“This creates a virtuous cycle of product development,” Nisco said. “We figure out the most pressing needs from customers, build and ship a high-quality solution, monitor its impact via observability, then learn and iterate based on feedback.” The tight loop keeps the team agile. 

“Customers get value sooner, and we get feedback quicker,” Nisco said. “It’s a win-win for everyone!”



The ‘Aha’ Moment

At Retool, there is often a moment in which an employee realizes the true impact of their work. For Nisco, this occurred when he recognized just how many companies could be built on Retool.

“It became evident that numerous companies could be established using Retool, not just for empowering internal tools within an organization, but also for creating complete products,” Nisco said. 

Through conversations with various Retool customers, Nisco said he has witnessed the ‘remarkable transformation’ of Retool's building blocks to reify their unique product visions.

“The applications customers have built range from CRMs that are fine-tuned to an organization's processes to warehouses that efficiently manage and scale end-to-end operations by utilizing the entire suite of Retool products,” he said. “Every day, I continue to be amazed by the sheer power of Retool, and am excited to continue to witness the compounding benefits of what Retool has built.”

For Dworsky, a specific client anecdote stuck with him.

“I joined a customer call in my first week on the job. The customer said they saved two years of engineering time by building over 50 Retool apps in three months. It’s impossible not to be inspired by the power that could unlock for our users,” Dworsky said. And just like his colleagues, he’s aiming big. 

“We still have a lot to build to get Retool in the hands of even more developers. I’m more bullish than ever on the opportunity — and hard work — ahead of us.”


“The customer said they saved two years of engineering time by building over 50 Retool apps in three months. It’s impossible not to be inspired.”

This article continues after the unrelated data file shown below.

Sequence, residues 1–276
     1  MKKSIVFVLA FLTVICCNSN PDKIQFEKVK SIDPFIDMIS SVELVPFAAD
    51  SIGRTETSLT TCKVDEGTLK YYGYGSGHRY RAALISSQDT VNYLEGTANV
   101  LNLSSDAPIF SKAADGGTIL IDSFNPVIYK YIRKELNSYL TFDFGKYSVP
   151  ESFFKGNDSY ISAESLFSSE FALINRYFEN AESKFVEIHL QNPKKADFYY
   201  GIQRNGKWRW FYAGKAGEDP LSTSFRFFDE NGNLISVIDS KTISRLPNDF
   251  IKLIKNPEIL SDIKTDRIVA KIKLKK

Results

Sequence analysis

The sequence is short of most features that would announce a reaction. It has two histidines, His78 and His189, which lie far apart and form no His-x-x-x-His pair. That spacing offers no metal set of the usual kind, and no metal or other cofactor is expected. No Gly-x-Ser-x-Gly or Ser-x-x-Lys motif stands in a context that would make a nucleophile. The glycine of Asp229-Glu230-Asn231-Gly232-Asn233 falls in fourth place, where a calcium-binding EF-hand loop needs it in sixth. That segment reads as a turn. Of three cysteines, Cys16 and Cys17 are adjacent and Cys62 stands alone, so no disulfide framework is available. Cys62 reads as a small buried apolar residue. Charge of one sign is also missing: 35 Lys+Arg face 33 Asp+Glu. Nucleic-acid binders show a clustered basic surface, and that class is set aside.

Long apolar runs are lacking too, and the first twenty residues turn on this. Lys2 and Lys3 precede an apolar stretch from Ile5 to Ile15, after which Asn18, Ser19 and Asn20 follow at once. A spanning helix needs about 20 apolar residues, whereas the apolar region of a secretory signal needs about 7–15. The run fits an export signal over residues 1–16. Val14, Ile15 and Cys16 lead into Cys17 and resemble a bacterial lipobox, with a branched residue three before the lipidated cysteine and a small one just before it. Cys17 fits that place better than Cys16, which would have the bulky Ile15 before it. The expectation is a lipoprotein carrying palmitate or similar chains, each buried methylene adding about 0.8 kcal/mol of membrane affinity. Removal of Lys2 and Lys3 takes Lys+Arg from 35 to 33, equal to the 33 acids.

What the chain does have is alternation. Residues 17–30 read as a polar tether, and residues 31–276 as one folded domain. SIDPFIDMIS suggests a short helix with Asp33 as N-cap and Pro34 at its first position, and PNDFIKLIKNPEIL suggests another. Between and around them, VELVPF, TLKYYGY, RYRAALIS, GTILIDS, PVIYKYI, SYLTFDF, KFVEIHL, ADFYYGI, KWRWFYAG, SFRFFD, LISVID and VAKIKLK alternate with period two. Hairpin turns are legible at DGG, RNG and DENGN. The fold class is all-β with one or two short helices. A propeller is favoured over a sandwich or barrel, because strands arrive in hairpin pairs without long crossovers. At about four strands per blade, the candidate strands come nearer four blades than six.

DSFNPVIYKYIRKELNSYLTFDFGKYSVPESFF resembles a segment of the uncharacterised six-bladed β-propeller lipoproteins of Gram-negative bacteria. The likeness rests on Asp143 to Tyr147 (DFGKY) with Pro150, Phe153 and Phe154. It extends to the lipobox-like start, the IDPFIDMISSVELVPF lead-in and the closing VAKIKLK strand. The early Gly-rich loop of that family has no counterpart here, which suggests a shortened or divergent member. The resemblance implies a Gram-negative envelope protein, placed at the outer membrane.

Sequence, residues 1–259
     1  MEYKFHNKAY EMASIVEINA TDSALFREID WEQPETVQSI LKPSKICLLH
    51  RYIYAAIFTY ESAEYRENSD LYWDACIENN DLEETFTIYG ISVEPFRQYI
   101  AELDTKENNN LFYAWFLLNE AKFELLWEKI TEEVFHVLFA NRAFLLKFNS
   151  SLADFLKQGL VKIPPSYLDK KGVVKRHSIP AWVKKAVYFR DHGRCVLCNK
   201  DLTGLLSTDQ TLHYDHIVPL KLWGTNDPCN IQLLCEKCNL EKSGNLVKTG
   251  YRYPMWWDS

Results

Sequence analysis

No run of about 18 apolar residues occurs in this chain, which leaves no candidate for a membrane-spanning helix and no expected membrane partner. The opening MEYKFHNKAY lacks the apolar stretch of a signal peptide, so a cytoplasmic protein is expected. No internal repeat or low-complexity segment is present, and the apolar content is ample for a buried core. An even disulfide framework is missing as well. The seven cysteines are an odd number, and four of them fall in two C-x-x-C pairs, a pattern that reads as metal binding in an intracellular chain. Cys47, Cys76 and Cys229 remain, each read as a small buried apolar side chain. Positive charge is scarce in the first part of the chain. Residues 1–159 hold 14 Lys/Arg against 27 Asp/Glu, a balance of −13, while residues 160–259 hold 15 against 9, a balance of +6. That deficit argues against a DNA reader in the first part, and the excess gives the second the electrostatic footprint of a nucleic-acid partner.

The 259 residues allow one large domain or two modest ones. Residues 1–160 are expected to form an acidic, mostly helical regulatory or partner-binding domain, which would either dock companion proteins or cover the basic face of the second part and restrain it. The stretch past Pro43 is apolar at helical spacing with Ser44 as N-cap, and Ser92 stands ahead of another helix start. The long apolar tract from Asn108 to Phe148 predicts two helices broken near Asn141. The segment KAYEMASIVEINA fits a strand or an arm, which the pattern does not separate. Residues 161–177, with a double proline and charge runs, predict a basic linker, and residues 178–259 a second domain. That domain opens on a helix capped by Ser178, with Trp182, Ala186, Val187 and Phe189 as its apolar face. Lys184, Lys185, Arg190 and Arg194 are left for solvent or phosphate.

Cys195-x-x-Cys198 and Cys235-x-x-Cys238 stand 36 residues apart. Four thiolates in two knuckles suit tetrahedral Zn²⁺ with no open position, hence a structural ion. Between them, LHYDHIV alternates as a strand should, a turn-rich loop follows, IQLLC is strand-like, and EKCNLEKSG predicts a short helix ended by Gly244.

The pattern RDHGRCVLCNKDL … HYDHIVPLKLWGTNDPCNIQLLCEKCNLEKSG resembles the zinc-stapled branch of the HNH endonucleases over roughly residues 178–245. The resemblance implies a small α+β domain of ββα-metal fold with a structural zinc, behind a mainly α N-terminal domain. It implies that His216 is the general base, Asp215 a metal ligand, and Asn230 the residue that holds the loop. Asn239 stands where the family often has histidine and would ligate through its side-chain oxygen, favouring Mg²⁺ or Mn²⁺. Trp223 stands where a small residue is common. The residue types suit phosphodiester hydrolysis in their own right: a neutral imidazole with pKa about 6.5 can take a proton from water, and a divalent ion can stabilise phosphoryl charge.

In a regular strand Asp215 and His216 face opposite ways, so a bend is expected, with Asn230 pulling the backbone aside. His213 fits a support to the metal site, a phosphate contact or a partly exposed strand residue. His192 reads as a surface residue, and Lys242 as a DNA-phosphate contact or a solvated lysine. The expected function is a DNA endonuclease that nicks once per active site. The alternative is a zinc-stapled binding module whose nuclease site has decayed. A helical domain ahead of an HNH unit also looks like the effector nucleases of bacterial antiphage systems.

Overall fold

Kim echoed Nisco and Dworsky’s sentiments, but added that she feels blown away not just on client calls, but also by her teammates.

“The best part is that I get to work on solving these problems with some of the smartest, most obsessively passionate, and humble people I’ve ever worked with.”


From Single-Product Company to Full-Service Suite

Evolving from a single-product company to a full-service suite has totally changed the narrative about the value Retool delivers to its customers. For one, it’s broadened the types of conversations its team is having with prospects. But it’s also opened the door to new possibilities for current customers looking to leverage Retool for their operations.

“With Embed, for example, we’re allowing customers to launch and iterate on new products faster by embedding the settings pages, dashboards and UIs they’re already building in Retool securely and seamlessly into their customer-facing apps,” Kim explained. 

“With this shift to a service suite, we’ve started to see many companies consider Retool as a true platform that can power their end-to-end operations and — for legacy businesses trying to modernize — be a critical part of their digital transformation journey,” she added.

According to Dworsky, many of Retool’s product lines started with clear customer problem statements that the team wanted to solve holistically, with a scalable solution that would work across a broad customer base.

“For example, many Retool customers wanted to run their queries on the server,” he said. “Workflows, a fast way for developers to create cron jobs, custom alerts and ETL tasks, was the natural extension of that ask.”

It’s not just the speed at which Retool ships products that’s unique. It’s also the company’s stack.

“Shipping features at Retool is especially unique due to the meta problem space that Retool sits in,” Nisco said. “You’re not just shipping a piece of functionality, you’re developing core fundamentals that users use to build anything they can imagine.”


Responses have been edited for length and clarity. Images via Shutterstock (header) and Retool (headshots).